G20 outcome bolsters sentiment: Market activity was defined by a demonstrable lift in risk appetite yesterday. Stock markets rallied, especially in China, and the S&P500 touched new all-time highs. The Yen dipped, as did the Swiss Franc. The stronger Greenback combined with the lift in global bond yields knocked gold prices down below the $US1400-mark. And oil rallied – boosted, too, by the prospect of coordinated supply controls from OPEC-members at their meeting this week. While the positive growth sentiment, combined with news of falling export volumes here in Australian, drove the price of iron ore over 4 per cent higher, and to another new high.
Fundamental questions return to fore: The euphoria did fade throughout the day, it must be said. A combination of global PMI releases seemed to underly the dynamic: investors are coming back to fundamentals, again, meaning market-action was a lot less “one-way”. Momentum shifted on the release of European PMI data during Europe’s session, which again showed a contractionary print, and increased fears of a slow-down in the bloc’s economy. It preceded a much better than expected US ISM Manufacturing figure, which helped support a big rally in the US Dollar and a sell-off in the Euro, as markets priced out modestly the need for cuts from the US Fed.
ASX rallies, but fails to test highs: The ASX made the most of the positive sentiment; however, the price action for the index can still be aptly described as one of consolidation. Though rallying around half-a-per-cent yesterday, the ASX200 proved reluctant to truly challenge its recent 11-year highs, as market momentum grinds to the downside, and the daily-RSI continues to pull away from overbought levels. Market breadth was solid yesterday at 73 per cent, so the gains on the market were well spread. But the heavy lifters failed to fire, with the relative light-weight Real Estate sector leading the gains, after another weekend of better-than-expected auction results in Melbourne and Sydney.
Chinese data disappoints: Financial markets did receive a small dose of reality during Asian trade yesterday. Caixin Manufacturing PMI data was released, backing up the day prior’s official numbers, and the results weren’t positive. The figure showed a “contractionary” print of 49.4, versus a forecast estimate of 50.1. It’s possibly a reminder that though the trade-war is certainly a compounding factor – and perhaps could prove the proverbial straw that breaks the camel’s back, eventually – China’s growth slow-down does seem quite cyclical in nature, as mounting concerns about financial-stability, and the slow process of modernization, drags on activity in the Middle Kingdom’s economy.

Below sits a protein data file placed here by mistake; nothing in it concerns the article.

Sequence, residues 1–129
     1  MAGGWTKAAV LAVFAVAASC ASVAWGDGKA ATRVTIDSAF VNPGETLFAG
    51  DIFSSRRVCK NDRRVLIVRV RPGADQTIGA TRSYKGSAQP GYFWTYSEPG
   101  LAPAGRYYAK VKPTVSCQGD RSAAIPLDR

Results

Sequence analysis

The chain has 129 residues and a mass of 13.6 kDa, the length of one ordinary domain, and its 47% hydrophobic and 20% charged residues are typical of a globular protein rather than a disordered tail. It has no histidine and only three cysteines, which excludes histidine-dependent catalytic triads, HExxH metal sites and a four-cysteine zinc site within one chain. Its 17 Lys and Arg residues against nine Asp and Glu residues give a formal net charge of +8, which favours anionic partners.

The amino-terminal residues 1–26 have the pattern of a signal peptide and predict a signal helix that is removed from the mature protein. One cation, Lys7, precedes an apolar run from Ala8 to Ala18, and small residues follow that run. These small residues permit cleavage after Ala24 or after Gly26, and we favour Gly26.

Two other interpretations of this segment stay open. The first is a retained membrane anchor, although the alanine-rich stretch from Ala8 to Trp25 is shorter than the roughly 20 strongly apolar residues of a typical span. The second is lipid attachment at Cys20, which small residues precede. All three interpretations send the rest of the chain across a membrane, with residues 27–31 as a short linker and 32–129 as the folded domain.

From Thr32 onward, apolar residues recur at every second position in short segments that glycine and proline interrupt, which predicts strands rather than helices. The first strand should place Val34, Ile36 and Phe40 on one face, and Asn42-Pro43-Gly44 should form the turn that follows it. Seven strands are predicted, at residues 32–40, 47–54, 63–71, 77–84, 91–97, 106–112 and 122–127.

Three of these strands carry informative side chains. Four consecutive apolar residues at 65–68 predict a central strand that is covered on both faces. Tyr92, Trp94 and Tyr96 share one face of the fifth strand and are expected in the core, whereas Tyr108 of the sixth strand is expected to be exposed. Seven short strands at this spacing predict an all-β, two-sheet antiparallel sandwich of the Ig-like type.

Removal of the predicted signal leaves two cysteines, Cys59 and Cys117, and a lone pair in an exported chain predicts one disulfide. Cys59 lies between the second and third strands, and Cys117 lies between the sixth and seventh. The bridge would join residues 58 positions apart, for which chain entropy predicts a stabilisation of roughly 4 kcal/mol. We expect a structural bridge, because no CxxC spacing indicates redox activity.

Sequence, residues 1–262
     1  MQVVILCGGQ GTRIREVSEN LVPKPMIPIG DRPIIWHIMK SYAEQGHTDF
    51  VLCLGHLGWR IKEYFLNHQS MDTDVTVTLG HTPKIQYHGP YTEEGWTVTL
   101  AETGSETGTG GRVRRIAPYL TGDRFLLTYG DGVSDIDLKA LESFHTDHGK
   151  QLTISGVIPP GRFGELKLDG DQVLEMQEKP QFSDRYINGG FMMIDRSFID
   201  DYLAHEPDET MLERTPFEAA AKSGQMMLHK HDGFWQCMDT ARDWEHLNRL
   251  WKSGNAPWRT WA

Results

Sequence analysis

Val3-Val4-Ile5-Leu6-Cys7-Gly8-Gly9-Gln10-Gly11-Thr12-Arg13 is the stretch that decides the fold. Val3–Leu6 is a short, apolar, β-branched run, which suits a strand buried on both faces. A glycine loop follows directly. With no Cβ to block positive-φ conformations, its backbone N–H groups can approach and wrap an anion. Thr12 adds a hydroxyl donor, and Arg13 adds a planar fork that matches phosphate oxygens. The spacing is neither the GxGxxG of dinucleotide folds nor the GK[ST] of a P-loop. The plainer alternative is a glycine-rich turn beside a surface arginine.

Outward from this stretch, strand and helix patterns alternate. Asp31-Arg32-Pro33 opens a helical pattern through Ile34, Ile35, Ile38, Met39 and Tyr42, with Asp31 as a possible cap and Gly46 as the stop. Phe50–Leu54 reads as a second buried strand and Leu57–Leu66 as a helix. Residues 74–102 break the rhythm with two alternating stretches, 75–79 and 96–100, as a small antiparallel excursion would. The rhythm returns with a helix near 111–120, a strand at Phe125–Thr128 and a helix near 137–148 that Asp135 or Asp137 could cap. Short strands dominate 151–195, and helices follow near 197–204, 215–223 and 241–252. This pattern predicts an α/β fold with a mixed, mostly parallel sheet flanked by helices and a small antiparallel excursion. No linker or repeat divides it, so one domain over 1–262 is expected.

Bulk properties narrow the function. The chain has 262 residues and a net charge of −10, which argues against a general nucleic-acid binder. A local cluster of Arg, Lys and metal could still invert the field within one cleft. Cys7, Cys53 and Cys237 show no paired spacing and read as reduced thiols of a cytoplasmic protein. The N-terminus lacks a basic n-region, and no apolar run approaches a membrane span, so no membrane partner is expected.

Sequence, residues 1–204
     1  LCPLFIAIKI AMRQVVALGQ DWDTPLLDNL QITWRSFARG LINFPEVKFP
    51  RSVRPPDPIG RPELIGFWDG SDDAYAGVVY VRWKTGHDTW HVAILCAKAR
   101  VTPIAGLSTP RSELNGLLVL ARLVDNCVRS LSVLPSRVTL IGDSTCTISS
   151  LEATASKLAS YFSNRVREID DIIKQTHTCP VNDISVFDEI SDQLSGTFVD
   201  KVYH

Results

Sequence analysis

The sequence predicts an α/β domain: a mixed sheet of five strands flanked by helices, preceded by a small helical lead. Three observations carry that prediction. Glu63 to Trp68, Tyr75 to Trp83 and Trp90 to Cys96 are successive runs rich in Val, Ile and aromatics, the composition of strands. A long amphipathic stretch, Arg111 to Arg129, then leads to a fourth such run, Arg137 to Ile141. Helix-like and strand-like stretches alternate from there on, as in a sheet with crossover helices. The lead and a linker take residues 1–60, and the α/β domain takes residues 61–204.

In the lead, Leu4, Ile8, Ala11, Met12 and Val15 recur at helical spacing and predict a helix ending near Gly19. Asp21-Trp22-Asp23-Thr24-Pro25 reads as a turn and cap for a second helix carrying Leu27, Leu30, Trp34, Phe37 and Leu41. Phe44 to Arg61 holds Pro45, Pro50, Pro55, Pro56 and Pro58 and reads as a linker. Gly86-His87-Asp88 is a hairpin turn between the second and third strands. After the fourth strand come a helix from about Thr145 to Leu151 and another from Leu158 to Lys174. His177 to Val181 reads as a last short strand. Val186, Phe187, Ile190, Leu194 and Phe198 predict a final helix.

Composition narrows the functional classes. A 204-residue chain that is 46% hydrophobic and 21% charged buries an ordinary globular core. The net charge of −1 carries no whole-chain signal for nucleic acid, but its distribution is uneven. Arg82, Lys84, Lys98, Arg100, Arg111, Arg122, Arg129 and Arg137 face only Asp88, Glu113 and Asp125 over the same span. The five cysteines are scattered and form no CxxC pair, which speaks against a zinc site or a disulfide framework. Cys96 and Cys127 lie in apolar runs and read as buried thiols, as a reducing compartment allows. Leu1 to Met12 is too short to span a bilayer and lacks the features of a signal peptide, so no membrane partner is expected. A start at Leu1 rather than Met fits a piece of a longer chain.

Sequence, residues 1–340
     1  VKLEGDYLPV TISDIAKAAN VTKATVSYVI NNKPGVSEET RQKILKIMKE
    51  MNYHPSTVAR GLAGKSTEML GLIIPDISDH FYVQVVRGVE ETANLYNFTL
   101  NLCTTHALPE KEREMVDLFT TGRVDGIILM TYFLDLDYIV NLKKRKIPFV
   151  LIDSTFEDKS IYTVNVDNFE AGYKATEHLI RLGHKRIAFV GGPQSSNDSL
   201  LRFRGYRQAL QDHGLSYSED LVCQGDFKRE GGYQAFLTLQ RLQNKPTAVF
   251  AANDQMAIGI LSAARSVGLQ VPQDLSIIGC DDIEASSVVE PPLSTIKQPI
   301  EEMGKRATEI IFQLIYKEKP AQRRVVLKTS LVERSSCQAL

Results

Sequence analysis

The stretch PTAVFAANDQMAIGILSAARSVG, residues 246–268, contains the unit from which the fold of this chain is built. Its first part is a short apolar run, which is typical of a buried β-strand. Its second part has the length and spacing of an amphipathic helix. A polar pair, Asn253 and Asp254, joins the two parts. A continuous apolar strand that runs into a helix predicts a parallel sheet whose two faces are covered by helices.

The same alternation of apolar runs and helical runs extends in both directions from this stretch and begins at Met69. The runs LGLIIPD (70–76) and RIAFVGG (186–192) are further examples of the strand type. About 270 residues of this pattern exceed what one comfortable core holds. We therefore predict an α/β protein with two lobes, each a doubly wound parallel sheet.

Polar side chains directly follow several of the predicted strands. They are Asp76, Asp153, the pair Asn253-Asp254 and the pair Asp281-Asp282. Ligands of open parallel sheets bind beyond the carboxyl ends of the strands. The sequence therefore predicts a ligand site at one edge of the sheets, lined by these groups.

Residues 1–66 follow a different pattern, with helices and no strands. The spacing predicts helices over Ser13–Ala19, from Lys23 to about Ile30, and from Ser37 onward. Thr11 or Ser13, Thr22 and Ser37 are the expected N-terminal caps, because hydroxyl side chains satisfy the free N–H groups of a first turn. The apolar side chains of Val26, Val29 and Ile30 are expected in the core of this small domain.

Chinese stocks climb, as Yuan pulls back: The consequences to the Chinese data were tangible. As it so often is, bad-news is good-news for equities: the clear deterioration in business sentiment and economic activity boosted the chances of monetary and fiscal stimulus from Chinese policy makers, which gave an extra boost to China’s stock market. The currency landscape was more illustrative of economic fundamentals, however. Having touched support at 6.82 in early Asian trade Monday, the USD/CNH recovered some of its losses on the news. While the Australian Dollar unwound its G20 related gains, to return to the 0.6900 handle.
RBA to take centre stage: The Australian Dollar will come into focus today, again. The RBA meets this afternoon, and if surveyed economists, along with the balance of opinion implied in market pricing is any guide, ought to cut interest rates to a new historic low of 1.00 per cent. For financial markets, it’s a matter of when, and not if, the RBA cuts rates again. They practically told us so in the minutes of their last meeting, stating: “members agreed that it was more likely than not that a further easing in monetary policy would be appropriate in the period ahead”.
Cut-or-not, markets to move: As it currently stands, the uncertainty in the market around today’s RBA meeting is, of course, whether they do cut rates today, or not. This month’s meeting isn’t as cut-and-dry as the June meeting, whereby a full cut was already baked into the market prior to decision itself. Hence, by necessity, markets have to move around this event, somewhat. That is: they cut, the AUD falls, and the ASX edges higher, as the remaining 5 basis-points of cuts, or so, are priced-in to the market; or they don’t, and the reverse proves true, as traders unwind the 20 basis-points already priced-in.
Written by Kyle Rodda-IG Australia